Everyone knows the pony. But what is a double pony? Why two appellations ? What are the categories ponies and double ponies? Why a big pony is sometimes called horse ? What consequences on their use? Our responses.
What is a pony?
A pony – feminine ponette – is an equine of small size which differs from the horse by an often thicker mane, a thick tail and coat, a broad body and forehead, and a heavier bone structure. Are equally shorter proportionally: his legs, neckline and head. In its definition of the pony, and in order to facilitate official competitions, the International Equestrian Federation (FEI) only takes into account the size of the animal which must be established within 1.48 m at the withers or 1.49 m hooked.
Where does the pony come from?
The pony originates from horse populations savages having evolved in areas of northern hemisphere characterized by a hostile climate where little food would have slowed its growth. Its reduced size would therefore result from a natural selection and an adaptation to its environment. By domesticating it, man continued the selection to make it a resistant and hardy animal, able to help him, especially in the work of fields and freight transport.
What are the different categories of ponies?
The International Equestrian Federation divides the ponies into 4 categories based on their size. The measurement is established at the withers on an unshod animal:
- Category A = height less than 1.07 m;
- Category B = height between 1.08 and 1.30 m;
- Category C = height between 1.31 and 1.40 m;
- Category D = height between 1.41 and 1.48 m.
What are the different categories of double ponies?
The generic term of double-pony designates the breeds greater classified in size categories C and D by the FEI. Being able to reach 1.50 m, the tallest specimens are able to carry adults in competition. Some double-ponies are also called crosses between ponies and horses. However, the expression double-pony does not correspond to any classification official and as such, is not used by professionals in the equestrian world. Below are some breeds considered to be double ponies:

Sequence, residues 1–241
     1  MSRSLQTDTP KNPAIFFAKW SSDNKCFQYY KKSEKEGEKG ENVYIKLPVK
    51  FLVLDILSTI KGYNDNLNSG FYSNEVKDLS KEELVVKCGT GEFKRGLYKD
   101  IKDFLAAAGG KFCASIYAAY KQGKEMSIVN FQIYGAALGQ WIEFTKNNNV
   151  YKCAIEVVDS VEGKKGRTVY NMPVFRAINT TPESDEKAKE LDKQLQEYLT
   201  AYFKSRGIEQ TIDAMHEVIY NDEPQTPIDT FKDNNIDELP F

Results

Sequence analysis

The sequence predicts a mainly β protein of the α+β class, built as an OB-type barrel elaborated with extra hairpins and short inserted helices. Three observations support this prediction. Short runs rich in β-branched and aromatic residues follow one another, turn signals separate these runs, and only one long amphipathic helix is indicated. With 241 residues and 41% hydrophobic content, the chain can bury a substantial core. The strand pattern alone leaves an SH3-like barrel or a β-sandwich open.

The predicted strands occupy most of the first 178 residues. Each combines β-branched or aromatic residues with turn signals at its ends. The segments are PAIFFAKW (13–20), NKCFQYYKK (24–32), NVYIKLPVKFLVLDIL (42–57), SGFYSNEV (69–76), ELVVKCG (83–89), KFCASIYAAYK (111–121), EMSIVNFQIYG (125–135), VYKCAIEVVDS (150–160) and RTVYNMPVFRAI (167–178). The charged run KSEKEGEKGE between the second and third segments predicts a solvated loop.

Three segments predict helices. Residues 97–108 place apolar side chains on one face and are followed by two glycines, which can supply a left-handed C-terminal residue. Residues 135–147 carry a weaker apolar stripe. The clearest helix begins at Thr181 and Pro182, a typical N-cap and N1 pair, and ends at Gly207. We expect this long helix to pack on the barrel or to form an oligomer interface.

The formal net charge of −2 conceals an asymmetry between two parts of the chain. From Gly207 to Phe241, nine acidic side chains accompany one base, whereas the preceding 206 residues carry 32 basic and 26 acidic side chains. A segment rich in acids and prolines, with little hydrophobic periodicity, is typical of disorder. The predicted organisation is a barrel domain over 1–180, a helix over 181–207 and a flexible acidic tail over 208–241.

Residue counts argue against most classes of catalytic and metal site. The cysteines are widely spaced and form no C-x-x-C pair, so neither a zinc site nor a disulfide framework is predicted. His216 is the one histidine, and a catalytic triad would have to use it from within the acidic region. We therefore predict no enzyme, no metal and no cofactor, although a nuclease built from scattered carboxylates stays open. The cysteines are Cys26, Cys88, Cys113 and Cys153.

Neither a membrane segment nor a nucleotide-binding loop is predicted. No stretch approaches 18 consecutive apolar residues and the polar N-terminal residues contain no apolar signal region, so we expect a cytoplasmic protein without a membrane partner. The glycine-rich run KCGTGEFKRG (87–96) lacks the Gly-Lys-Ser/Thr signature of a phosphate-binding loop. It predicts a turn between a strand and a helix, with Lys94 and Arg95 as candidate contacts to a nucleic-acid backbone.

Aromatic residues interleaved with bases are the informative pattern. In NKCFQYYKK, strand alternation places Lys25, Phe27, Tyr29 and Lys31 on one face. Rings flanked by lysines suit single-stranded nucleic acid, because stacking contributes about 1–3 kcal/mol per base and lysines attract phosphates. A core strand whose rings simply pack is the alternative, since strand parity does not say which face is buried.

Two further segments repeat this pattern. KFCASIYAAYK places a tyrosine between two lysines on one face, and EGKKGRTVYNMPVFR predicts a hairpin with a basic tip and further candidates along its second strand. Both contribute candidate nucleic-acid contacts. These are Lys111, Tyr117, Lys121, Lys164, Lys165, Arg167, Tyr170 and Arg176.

Double-pony or small horse?
It is not always easy to make the distinction between a double-pony and a horse. Examples in 2 contexts:
- Competitions. Certain breeds considered to be horses can give birth to subjects which, when adults, are the size of a pony. In this case, individuals keep their original classification and are authorized by the FEI to compete in classes in the horse category. Namely that an equine possessing two parents ponies will be categorized as a horse if its size is greater than 1.48 m which is quite common in certain breeds of ponies;
- The farms. Sometimes equine breeds with an average height at the withers less than 1.47 m are considered horses. This is the case with Merens (also called Ariège pony) which measures on average between 1.45 m and 1.55 m for a weight ranging from 400 to 500 kg. Breeders of the breed prefer to place it in the more prestigious category of horse, but the equine can participate in some competitions as a pony. Other examples: the horse Icelandic is, despite his size and double-pony appearance, seen as a horse by his riders and breeders. Just like the horse of Przewalski, whose morphology is more reminiscent of the pony than the horse.
What uses for a pony and double-pony?
Certain breeds, such as the pony Hackney, are frequently used for harnessing while breeds of double-ponies, such as the Connemara and the French saddle, are mainly ridden. Large, the pony Welsh is versatile, as comfortable in riding as in driving. Able to participate in all equestrian sports, ponies meet in the three Olympic disciplines : show jumping competition, eventing and pure dressage. Some individuals have shone in illustrious competitions at the level international. We can cite Stroller, a 1.43 m tall pony at the withers, a member of the British show jumping team. The animal won the medal silver at the 1968 Summer Olympics by competing unashamedly against horses!